If you have family currently in the EU then the current agreement has guaranteed the right to visit any EU member state for up to 90 days without a visa. However, while this is currently agreed on this will still need to be written into the final agreement.
What if I want to relocate to Europe after the transition period?
Any UK citizens that would like to move to Europe after this would be subject to each country’s visa regulations. Each country will also have its own resettlement scheme, which the UK government is currently in the process of pressing to the member states.
In addition, if relocating you and your removal company will also be subject to the additional customs regulations that will come post-Withdrawal Agreement. While the specifics are not currently clear, a good reliable international removals company will take this all into account before your move to the EU starts.
What if I want to relocate back to the UK from the EU after Brexit?
Any British national who relocates before the end of the Withdrawal Agreement will be able to return to the UK, and also bring any close family members who are not British. Once back in the country non-British citizens, either in or outside of the EU, will need to apply to the government’s settlement scheme before 31st March 2022.
If you are looking to move back to UK in the next few years from the EU you should be completely covered, providing you register any non-UK family members before the above deadline. Your children are also still protected under the same laws on their right’s to British Citizenship.
It’s worth also noting that if you are bringing a pet back it will likely be subject to some additional checks on return to the UK. These should not be beyond what you would already pay for your pet so while it might take longer to get your dog back across the border, it’s rights are still protected even after Brexit.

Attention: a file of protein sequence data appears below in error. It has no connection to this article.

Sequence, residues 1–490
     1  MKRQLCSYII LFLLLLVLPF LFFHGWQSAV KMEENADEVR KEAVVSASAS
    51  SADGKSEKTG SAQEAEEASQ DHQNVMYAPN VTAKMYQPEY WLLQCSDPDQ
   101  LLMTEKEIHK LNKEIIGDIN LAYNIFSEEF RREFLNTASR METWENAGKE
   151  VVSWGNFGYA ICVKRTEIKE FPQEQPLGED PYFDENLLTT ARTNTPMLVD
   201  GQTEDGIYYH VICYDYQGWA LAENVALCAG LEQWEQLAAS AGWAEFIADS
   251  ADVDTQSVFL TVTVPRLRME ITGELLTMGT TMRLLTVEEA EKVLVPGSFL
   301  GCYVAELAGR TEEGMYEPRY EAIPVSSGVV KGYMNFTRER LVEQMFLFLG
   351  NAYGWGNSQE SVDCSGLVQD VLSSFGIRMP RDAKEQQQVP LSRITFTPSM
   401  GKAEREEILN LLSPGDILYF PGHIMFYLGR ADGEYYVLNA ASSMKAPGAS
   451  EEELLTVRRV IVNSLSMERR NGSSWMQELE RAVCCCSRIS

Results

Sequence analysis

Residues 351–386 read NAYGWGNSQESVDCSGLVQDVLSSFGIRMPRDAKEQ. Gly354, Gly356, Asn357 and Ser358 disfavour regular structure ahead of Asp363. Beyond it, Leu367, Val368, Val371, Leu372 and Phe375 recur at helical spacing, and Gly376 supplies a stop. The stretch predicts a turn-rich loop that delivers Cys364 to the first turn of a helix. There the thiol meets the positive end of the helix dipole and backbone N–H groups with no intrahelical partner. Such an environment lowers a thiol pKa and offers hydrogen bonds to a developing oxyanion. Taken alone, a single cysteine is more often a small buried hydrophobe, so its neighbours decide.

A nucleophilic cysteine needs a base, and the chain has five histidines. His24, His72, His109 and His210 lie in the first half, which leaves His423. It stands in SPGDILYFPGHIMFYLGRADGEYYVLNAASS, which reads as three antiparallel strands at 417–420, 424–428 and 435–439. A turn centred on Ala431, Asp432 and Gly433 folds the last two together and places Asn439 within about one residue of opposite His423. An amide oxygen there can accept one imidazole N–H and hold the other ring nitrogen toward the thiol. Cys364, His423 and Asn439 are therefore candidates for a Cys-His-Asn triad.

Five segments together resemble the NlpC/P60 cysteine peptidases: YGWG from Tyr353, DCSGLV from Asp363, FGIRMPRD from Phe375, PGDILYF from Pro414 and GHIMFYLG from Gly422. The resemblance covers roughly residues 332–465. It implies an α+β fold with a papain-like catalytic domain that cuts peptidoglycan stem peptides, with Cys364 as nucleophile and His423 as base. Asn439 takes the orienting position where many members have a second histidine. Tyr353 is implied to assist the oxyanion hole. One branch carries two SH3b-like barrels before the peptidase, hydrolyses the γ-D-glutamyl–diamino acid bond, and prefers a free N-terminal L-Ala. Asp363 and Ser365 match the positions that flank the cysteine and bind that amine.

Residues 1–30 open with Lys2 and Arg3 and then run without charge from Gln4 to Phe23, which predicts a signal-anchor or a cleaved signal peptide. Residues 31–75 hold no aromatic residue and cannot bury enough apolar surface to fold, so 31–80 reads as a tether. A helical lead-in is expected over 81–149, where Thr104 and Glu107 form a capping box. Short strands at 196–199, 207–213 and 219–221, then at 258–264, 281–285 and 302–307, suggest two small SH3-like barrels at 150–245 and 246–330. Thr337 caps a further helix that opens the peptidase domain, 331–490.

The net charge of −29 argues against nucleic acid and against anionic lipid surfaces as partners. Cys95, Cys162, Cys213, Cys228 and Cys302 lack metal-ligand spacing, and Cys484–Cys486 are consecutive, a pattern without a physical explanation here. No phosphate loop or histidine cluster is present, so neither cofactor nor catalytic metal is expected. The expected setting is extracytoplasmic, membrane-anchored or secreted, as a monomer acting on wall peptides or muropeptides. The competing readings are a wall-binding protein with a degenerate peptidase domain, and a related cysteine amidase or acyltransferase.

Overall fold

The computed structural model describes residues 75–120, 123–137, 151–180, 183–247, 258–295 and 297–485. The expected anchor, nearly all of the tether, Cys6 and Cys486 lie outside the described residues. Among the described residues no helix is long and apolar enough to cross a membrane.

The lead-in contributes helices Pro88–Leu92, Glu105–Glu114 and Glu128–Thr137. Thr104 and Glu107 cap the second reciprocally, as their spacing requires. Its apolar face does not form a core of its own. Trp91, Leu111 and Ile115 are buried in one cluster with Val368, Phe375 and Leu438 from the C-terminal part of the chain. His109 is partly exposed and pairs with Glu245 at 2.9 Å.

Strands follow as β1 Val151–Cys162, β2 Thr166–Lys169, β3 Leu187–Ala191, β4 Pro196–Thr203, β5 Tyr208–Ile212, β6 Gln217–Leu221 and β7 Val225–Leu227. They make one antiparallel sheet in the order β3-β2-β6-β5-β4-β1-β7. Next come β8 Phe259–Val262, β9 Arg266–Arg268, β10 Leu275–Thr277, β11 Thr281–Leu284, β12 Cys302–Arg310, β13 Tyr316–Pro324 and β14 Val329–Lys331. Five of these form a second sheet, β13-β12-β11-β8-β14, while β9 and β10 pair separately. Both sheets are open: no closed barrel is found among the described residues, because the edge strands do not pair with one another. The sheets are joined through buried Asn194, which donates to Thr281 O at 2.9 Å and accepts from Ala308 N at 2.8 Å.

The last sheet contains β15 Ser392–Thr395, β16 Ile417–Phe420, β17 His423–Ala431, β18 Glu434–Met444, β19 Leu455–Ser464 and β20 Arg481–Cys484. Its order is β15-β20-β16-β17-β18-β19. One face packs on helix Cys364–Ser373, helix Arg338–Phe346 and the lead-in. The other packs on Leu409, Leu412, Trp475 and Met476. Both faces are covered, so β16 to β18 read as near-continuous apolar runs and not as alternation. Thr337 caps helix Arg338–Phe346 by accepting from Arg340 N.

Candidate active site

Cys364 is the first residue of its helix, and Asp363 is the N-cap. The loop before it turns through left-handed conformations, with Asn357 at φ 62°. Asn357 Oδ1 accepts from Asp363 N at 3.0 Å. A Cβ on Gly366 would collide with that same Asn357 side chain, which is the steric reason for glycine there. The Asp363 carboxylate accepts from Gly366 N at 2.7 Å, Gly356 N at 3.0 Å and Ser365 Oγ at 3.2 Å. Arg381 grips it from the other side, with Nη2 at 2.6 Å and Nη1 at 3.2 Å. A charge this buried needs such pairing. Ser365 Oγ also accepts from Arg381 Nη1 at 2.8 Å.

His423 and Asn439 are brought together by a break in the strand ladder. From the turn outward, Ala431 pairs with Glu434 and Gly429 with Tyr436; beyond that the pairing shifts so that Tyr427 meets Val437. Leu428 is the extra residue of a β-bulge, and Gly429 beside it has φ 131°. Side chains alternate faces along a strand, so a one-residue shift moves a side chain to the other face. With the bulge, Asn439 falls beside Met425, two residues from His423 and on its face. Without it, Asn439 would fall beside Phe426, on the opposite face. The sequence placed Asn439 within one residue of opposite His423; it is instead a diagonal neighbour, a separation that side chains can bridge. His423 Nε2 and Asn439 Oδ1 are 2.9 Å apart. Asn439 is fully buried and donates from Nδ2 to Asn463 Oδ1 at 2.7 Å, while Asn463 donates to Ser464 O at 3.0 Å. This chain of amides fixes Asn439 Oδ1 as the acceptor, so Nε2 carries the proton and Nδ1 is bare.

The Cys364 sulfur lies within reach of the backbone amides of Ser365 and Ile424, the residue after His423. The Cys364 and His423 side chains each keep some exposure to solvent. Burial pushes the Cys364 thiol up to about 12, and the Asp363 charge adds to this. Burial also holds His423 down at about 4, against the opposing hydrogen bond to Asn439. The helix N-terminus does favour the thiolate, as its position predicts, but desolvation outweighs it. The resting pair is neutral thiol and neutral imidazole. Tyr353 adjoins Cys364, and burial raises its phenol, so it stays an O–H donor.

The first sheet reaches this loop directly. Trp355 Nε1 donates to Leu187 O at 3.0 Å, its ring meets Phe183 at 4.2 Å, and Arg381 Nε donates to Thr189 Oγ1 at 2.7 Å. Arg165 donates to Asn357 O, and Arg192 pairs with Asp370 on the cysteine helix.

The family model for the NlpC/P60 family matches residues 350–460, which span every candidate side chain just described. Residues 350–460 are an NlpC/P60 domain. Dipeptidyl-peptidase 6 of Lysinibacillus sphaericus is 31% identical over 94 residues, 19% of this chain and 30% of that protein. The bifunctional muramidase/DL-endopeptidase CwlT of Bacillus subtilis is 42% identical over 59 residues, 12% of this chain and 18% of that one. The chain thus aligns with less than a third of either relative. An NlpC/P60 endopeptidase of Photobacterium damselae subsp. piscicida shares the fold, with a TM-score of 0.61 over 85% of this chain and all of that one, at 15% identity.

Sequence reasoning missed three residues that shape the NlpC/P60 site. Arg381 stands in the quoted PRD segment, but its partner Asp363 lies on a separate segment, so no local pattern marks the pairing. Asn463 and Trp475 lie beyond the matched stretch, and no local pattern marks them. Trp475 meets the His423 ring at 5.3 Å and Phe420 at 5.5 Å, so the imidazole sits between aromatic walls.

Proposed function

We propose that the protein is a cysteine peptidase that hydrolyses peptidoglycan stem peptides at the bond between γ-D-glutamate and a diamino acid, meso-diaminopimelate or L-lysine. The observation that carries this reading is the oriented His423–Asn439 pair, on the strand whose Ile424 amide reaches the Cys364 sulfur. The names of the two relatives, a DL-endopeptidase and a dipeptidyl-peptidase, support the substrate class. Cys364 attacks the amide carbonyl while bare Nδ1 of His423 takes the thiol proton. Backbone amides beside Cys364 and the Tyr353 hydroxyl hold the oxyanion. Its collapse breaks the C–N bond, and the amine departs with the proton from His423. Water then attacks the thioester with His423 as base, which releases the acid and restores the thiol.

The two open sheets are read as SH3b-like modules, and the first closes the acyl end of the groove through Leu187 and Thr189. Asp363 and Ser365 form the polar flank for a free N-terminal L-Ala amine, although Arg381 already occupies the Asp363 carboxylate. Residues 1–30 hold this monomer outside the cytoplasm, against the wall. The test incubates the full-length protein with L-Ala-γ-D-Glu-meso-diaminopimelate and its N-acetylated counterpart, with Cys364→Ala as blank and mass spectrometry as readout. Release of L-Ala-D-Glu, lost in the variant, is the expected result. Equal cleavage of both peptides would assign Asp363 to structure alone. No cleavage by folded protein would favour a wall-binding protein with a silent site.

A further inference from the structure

What If I Own A Second Home In The EU?
Moving home doesn’t necessarily mean completely removing all your belongings to a new home. Increasingly once retired many couples take a smaller flat in the UK and a property abroad, so the need for a removal company remains the job is just slightly smaller.
One rumour that is often flouted is that properties themselves may be seized by governments following Brexit. This is completely untrue, and if you wish to purchase a second property in the EU during the transition period rest assured you are protected no matter what. Both the United Nations and the EU have treaties which protect such actions from happening.
What If I Am Planning To Buy A Second Home After Brexit?
As with relocating to the EU after 31st December 2020, you would be subject to each countries specific rules. In all likelihood, you would need to apply for a special investment visa to complete the purchase on a property.
Also increasing the costs for a UK citizen buying a second home is the increase in stamp duty, which is decided by each country respectively. However, the most popular destinations in Europe, such as Spain and France, will certainly cost more after Brexit than under the current Withdrawal Agreement.